Swedish business magnate Ingvar Kamprad had been at the helm of IKEA, one of the world’s largest furniture stores and most beloved brands, for more than 70 years when his death was announced Sunday.
With a net worth of $48.1 billion at its height, he was one of the world’s richest self-made billionaires.
If you ask Malcolm Gladwell, whose books have been read by millions of people, Kamprad succeeded thanks to an often-unpopular personality trait: disagreeableness, and not caring if people thought he was crazy.
From humble beginnings selling holiday tchotchkes to his neighbours as a child, here’s how Kamprad started a privately held $11.8 billion furniture revolution and became a billionaire.
Kamprad was born in the south of Sweden in 1926 and by the age of five began selling matches for profit. At 10, he rode his bike around the neighbourhood to sell Christmas decorations, fish, and pencils.
When Kamprad was 17, his dad gave him a cash reward for making good grades in school despite his dyslexia. He used the money to found IKEA in 1943. Kamprad didn't introduce furniture until five years in; he'd started by selling small household items, like picture frames.
The name IKEA is an acronym for the initials of his first and last names, plus the initials for the name of the family farm where he was born (Elmtaryd) and the nearest village (Agunnaryd).
In 1956, Kamprad revolutionised the furniture market by introducing 'flatpacking,' the method now synonymous with IKEA that cuts costs by letting consumers purchase their furniture in pieces and assemble it themselves.
According to best-selling author Malcolm Gladwell, Kamprad is a rare breed -- he possesses a combination of conscientiousness, openness, and disagreeableness. These personality traits are what made him a fearless innovator in the beginning of his career.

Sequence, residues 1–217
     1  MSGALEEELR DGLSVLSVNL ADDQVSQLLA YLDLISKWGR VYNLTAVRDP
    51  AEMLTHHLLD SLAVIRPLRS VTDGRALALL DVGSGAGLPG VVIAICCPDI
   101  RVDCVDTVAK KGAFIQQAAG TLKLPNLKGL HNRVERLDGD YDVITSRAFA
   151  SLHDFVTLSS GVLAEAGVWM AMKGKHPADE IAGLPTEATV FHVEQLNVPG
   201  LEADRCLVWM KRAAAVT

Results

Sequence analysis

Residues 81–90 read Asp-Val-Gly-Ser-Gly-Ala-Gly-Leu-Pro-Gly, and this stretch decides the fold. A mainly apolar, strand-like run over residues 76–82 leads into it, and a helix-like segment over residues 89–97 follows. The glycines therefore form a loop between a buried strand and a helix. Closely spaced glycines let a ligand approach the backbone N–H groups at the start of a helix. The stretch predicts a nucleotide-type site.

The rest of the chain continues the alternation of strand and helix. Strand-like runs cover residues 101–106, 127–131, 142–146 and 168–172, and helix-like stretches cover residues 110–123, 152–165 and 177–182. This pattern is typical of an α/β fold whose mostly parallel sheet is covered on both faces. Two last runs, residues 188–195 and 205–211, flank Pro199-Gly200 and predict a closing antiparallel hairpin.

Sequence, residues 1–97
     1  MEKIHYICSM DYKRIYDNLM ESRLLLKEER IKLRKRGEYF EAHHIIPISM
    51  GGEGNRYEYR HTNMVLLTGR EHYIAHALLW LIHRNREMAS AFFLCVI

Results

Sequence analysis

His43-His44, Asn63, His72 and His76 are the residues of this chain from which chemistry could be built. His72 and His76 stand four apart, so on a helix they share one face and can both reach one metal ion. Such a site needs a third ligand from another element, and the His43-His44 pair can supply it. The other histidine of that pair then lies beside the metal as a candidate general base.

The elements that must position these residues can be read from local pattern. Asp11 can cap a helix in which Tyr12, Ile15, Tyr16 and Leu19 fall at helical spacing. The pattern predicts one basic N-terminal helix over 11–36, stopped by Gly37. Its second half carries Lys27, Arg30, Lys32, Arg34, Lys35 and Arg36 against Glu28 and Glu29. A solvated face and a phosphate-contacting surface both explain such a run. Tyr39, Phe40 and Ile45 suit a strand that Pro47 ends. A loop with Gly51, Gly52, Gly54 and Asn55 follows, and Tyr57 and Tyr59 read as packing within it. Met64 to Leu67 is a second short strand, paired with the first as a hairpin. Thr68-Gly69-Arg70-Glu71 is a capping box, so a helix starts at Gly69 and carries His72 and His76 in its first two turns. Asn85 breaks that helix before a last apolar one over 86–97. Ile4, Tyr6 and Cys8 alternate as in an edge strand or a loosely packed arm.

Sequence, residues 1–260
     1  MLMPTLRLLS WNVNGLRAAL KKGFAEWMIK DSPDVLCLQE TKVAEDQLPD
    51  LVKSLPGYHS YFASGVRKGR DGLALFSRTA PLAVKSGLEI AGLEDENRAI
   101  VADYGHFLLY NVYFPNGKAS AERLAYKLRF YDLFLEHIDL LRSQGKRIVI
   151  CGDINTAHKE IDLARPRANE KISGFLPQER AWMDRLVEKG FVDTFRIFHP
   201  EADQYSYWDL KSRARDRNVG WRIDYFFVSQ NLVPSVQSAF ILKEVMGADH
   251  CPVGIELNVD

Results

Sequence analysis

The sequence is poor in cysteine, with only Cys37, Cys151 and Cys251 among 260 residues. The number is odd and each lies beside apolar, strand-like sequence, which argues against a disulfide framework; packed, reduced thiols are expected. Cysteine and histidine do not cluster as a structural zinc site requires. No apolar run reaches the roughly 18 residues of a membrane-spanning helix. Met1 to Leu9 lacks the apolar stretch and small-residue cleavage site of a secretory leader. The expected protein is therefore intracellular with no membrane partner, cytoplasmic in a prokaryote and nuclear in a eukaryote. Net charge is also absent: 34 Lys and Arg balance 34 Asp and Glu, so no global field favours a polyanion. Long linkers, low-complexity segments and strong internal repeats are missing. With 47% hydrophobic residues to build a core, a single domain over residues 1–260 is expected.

In that vein, Kamprad unpopularly moved IKEA headquarters from Sweden to Copenhagen, Denmark, in 1973 to avoid unfavorable business taxes for his growing company. He also moved himself and his family to Switzerland to protest Sweden's increasing taxes. But the corporation is now based in the Netherlands, and Kamprad himself has since returned to Sweden.
Kamprad runs a complex corporate structure that includes a charitable arm and a retail and franchise arm. The IKEA Group of companies, based in the Netherlands, is owned by Stichting INGKA Foundation, which is also the charitable arm of the corporation. Funds from Stichting INGKA Foundation can only be used one of two ways: reinvested in the IKEA Group and its franchises, or donated for charitable purposes.
Two books have been published about the IKEA story. In 1976, Kamprad detailed the concept and ideology of his company in 'A Testament of a Furniture Dealer,' which now serves as a manifesto for IKEA. In the late 1990s he worked with a Swedish journalist on 'Leading by Design: The IKEA Story,' an account of maintaining simplicity at IKEA and in his life.
Kamprad is known by his peers to be incredibly frugal. He reportedly prefers to fly economy, stay in cheap hotels, and has driven the same Volvo for two decades.
Today, IKEA has 370 stores in 47 countries. According to Wealth-X, Kamprad never borrowed money or issued a stock until he passed IKEA over to his foundations.
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